Balloon kyphoplasty, vertebroplasty and vertebral body augmentation are minimally invasive surgical procedures used to treat painful Vertebral Compression Fractures (VCF). These procedures help to quickly reduce severe pain, stabilize the VCF and restore lost height and/or shape of the broken vertebral body.
A VCF is a type of spinal fracture that can be caused by osteoporosis; a metabolic disease that gradually weakens bone density and increases the risk for fractures in the spine, wrist and hip. Osteoporosis and osteopenia affect an estimated 54 million Americans, according to the National Osteoporosis Foundation.1 Left untreated, osteoporosis can progress silently and painlessly until bone fractures.
Originally developed in France in 1986, vertebroplasty became available for use in the United States in 1991. Vertebroplasty is a percutaneous (through the skin) minimally invasive procedure performed to treat painful vertebral compression fractures, as well as strengthening vertebral bodies at risk for fracture. The surgery involves injecting an orthopaedic bone cement into the fractured vertebral body.
How is Vertebroplasty Performed?
Under light sedation or general anesthesia, a special bone needle is passed slowly through the soft tissues of the back toward the VCF. Image guided fluoroscopy (real time x-ray), along with a small amount of x-ray dye, allow the surgeon to see the position of the needle at all times.
A small amount of orthopaedic bone cement, called polymethylmethacrylate (PMMA), is pushed through the needle into the vertebral body. PMMA is a medical grade bone cement that has been used for many years in a variety of orthopaedic procedures.
The cement is sometimes mixed with an antibiotic to reduce the risk of infection and a powder containing barium or tantalum, which allows it to be seen on the x-ray.
When the cement is injected, it is like a thick paste, but it hardens rapidly. Usually, the fractured vertebral body is injected on both the right and left sides, just off the midline of the back. Within a few hours, patients are up and moving around. Most go home the same day of surgery.
Balloon Kyphoplasty is a newer minimally invasive surgical treatment for painful vertebral body compression fractures sometimes associated with osteoporosis. Kyphoplasty is unique in that it utilizes a balloon technology that expands the compressed bone to help restore lost vertebral body height while creating a void into which bone cement is injected. In addition to relieving fracture pain, kyphoplasty can stabilize the fracture, restore lost vertebral height, and reduce deformity.
How is Kyphoplasty Performed?
Kyphoplasty is performed under local or general anesthesia. Using fluoroscopic image guidance, two small skin incisions are made, and a probe is inserted into the vertebral body space where the fracture is located. The bone is drilled and a balloon, called a bone tamp, is inserted on each side. These balloons are then inflated with contrast medium (to be seen using fluoroscopy, real time x-ray) until each balloon expands to the desired height, and then are removed. The balloon does not remain in the patient—it simply creates a cavity for the cement and also helps expand the compressed vertebral body bone.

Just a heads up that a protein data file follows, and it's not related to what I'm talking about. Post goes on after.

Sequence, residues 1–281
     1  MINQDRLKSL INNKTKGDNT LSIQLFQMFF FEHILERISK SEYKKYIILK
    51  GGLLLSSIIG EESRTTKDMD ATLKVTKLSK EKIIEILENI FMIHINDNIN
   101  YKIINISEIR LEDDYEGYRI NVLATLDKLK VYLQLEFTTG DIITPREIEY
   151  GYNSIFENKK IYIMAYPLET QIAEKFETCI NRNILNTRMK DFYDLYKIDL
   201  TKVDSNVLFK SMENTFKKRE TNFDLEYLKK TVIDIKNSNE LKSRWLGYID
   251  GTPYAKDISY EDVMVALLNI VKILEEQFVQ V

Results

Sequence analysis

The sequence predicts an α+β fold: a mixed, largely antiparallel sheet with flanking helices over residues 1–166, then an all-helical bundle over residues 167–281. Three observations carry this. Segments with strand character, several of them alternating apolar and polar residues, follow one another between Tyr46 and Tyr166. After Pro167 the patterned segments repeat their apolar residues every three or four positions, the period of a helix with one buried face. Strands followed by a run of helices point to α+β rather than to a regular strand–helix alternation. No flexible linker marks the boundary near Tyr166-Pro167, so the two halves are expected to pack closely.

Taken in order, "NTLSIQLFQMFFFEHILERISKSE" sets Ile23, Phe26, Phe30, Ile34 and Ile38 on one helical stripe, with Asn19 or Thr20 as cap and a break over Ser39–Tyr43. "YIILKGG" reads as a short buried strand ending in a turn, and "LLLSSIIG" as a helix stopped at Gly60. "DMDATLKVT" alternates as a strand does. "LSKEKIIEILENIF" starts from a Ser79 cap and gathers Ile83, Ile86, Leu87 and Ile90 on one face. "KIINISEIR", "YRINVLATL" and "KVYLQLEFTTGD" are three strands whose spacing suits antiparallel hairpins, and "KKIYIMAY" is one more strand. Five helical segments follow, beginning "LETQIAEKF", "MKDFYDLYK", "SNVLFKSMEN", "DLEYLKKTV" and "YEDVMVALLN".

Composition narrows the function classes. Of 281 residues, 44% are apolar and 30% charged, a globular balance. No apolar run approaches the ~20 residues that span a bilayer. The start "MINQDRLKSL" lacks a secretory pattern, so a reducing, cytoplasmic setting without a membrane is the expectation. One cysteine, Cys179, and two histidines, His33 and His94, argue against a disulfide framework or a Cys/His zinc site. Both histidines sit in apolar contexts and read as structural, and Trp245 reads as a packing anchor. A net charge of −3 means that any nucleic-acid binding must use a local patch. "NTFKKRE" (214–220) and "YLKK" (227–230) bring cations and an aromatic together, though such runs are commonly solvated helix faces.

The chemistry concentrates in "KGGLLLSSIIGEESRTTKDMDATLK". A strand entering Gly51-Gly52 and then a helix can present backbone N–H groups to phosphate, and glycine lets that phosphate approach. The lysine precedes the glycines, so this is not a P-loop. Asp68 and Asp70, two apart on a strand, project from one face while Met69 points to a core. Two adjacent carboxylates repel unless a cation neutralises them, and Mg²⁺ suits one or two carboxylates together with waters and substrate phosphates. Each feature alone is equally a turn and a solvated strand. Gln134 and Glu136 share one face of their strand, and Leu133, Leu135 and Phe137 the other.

The spaces created by the balloons are filled with the same orthopaedic bone cement used in vertebroplasty—and this cement binds and stabilizes the fracture. The cement hardens quickly, providing strength and stability to the vertebra, restoring height, and relieving pain.
A vertebral augmentation system called the Kiva® System is different from vertebroplasty and kyphoplasty. This minimally invasive treatment for thoracic (mid-back) and lumbar (low back) spinal compression fractures uses a flexible continuous loop-like spinal implant.
The Kiva procedure is performed under local or general anesthesia. Fluoroscopic image guidance is used during the procedure to visualize spinal anatomy and guide placement of the Kiva device. During the percutaneous (through the skin) procedure, the implant is delivered through a small, single incision. After the implant is in place, bone cement is injected, and the implant is removed.
Kiva offers many potential benefits, including:
Limitations in the traditional treatment of vertebral compression fractures (VCFs) have led to the refinement of vertebroplasty, balloon kyphoplasty, and vertebral augmentation (ie, Kiva® System). Each procedure provides options for treatment of vertebral compression fractures and may help relieve pain, reduce and stabilize fractures, reduce spinal deformity, and stop the “downward spiral” of untreated osteoporosis.
Additional benefits of these procedures include:
Dr. Abitbol has provided a short and concise treatise on the subject of vertebroplasty and kyphoplasty. These two management strategies are becoming increasingly popular for the management of vertebral osteoporotic compression fractures that are refractory to medical management. Controversy often exists in medicine, and this area is no exception. Dr. Abitbol, however, has clarified the issues at hand, while providing an excellent informative article.